Hello, Mr X Stitch here. I thought I’d tell you about my recent Xploits. It is a life less ordinary. Before I start, this is a pretty long blog post, so make sure you get comfortable! 🙂
Earlier this year, we ran the StitchforSyria campaign in association with Concern Worldwide UK, in which people were invited to cross stitch their own version of a design I’d created based on a traditional Lebanese embroidery design. Thanks to the generosity of cross stitchers from around the world, Concern received over 900 individual pieces, bursting with colour and filled with love. It was a phenomenal response and a massive thanks to everyone who took part. The designs were stitched together to form three vibrant wallhangings and the end result was truly wonderful.
I was thrilled when Deborah Underdown from Concern invited me to be part of a small team that would visit Lebanon to deliver the hangings to the project and last week the visit took place!
Let’s have a moment of context. Lebanon is a small country bordered by Syria and Israel. It has about 6 million inhabitants, and is currently home to approximately 1.5 million refugees from Syria. While the war in Lebanon ended in 1990, the country is still rebuilding itself, and it’s fair to say that the influx of refugees since 2011 has placed a lot of strain on the country. Concern Worldwide is one of several NGOs working in the area, and on the two-day trip to the area, I got the opportunity to see what a huge difference they are making to the lives of hundreds of people.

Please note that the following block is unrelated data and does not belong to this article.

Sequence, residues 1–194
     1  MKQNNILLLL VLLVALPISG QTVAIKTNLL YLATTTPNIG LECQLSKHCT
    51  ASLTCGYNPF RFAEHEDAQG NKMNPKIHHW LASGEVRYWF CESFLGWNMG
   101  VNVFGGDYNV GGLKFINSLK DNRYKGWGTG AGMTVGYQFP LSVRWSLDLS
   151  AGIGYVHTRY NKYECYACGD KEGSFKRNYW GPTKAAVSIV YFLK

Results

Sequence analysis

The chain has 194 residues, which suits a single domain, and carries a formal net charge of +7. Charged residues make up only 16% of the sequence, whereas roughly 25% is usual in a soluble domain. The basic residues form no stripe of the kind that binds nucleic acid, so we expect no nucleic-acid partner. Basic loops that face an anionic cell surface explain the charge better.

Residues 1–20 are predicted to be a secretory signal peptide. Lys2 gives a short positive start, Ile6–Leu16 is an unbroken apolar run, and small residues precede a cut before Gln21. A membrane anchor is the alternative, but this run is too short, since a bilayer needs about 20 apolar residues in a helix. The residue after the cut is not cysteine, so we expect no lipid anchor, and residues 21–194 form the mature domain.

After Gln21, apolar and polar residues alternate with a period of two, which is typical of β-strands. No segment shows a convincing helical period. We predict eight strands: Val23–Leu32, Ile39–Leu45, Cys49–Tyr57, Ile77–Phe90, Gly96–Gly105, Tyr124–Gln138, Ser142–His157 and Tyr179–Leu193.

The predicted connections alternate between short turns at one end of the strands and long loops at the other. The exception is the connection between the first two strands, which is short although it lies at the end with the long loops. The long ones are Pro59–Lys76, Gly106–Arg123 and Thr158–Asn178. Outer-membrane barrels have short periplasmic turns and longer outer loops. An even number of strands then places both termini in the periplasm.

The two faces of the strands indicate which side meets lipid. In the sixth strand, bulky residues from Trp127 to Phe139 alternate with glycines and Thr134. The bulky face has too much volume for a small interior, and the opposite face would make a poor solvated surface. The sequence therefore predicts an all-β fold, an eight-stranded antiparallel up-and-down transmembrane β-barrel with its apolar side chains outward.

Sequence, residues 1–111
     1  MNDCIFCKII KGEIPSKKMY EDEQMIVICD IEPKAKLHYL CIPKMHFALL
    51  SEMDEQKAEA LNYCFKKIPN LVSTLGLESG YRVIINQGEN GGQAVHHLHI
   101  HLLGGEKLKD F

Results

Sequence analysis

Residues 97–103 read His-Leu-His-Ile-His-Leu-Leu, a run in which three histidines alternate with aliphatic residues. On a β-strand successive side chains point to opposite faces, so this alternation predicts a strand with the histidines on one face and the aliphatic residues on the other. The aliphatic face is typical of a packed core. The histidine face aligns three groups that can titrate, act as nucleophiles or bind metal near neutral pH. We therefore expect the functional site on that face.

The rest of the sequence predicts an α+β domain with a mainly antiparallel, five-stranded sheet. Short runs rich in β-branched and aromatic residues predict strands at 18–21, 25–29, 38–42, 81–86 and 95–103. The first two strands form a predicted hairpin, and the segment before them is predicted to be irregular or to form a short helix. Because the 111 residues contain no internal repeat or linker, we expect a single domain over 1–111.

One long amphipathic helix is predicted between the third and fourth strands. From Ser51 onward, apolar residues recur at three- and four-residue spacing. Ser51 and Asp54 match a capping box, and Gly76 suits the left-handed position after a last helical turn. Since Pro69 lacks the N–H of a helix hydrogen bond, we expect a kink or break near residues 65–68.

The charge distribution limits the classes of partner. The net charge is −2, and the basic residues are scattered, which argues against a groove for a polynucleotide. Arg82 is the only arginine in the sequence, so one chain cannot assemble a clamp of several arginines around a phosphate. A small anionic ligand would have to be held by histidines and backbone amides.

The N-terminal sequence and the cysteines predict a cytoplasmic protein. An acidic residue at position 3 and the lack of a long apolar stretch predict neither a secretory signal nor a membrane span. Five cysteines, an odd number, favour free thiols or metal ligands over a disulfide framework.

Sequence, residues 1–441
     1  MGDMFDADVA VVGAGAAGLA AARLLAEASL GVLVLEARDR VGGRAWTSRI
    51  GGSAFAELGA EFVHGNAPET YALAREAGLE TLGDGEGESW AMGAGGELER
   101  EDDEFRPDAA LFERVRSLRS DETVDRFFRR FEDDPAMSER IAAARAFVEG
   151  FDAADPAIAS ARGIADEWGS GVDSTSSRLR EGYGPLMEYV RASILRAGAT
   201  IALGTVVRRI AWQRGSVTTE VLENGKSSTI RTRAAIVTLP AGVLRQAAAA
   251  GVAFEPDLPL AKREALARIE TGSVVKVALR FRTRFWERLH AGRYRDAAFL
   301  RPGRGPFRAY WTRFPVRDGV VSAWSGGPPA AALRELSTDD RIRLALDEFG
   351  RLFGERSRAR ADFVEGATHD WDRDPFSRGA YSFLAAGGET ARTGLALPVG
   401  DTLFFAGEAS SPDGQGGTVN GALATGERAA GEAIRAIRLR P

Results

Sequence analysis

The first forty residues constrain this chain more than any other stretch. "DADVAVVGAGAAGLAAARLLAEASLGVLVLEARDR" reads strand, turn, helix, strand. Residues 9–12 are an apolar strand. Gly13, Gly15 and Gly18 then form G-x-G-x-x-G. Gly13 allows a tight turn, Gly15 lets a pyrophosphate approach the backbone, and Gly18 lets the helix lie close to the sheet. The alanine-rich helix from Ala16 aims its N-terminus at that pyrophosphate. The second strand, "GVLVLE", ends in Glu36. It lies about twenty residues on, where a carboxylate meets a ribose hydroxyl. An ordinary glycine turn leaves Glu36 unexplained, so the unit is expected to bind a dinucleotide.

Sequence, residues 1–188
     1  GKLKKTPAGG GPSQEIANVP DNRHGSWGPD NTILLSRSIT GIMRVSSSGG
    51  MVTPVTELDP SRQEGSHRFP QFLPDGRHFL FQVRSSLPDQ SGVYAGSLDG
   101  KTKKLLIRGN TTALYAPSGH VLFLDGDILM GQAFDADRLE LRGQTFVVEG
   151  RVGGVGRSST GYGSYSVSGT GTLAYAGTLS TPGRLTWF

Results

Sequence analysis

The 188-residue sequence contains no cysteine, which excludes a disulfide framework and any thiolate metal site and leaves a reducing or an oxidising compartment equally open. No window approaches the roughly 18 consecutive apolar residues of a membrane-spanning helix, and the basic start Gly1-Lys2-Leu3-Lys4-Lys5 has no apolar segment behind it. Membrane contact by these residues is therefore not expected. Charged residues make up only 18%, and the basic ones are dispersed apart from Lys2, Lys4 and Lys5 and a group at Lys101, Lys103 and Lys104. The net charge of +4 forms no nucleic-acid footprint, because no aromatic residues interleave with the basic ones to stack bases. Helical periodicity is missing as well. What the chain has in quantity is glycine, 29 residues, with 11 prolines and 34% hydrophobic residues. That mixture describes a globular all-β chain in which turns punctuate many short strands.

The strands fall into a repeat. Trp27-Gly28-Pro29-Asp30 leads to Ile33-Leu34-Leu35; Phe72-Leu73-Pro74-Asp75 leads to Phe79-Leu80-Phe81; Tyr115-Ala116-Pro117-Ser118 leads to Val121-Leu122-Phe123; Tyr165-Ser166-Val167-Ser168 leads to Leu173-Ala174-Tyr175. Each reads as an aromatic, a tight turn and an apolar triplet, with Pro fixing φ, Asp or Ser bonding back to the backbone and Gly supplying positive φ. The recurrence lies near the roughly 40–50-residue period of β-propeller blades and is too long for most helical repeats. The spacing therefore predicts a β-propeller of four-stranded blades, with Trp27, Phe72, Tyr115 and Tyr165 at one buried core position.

From helping Syrian children prepare for integration into the Lebanese school system by teaching basic language and behaviour skills, to providing running water and help to improve temporary houses for the winter season, the staff at the Concern project in the Akkar region of Northern Lebanon are addressing the fundamental needs of the families that arrive in the area. It was both heart warming and heart breaking to see these projects in action; the families that we met have been forced to leave their homes and their lives in Syria, with little immediate hope of returning, and so even the basic provision of a simple housing and running water makes a huge difference.
The number of refugees in the area mean that these basic facilities are the first option provided for families. Concern’s Shelter programme takes this support a stage further by placing families in small shelter units in unfinished buildings and helping them rehabilitate the buildings with windows, toilets and other basic living facilities. We visited a couple of these units and spoke with the people living there and I was struck at how noble and generous they were, despite having the most basic of living conditions.
When the media shares stories of refugees, there’s no opportunity to explain the lives of people and it serves to neutralise our feelings about the crisis. I’m as influenced by this as the next person, and so it was quite profound to realise that many of the people we met had middle class lives in Syria, with homes, jobs, cars holiday and “normal” trappings. Yet here they were in Syria, having had to leave their worlds behind. The sheer volume of refugees in Lebanon makes it difficult for everyone to be provided for, and for people to find work to sustain themselves. So it was terrific to visit the Livelihoods project in Tripoli and find out how embroidery was helping people overcome some of these challenges.
Based in the Basmeh and Zeitooneh’s Women’s Resource Centre, the Livelihoods project meets four times a week, bringing together about 30 women for six weeks of embroidery training. By the end of 2016, over 200 women will have been through the programme. The course teaches the basics of cross stitch, and when they’ve completed it, the women are able to create work that brings them an income.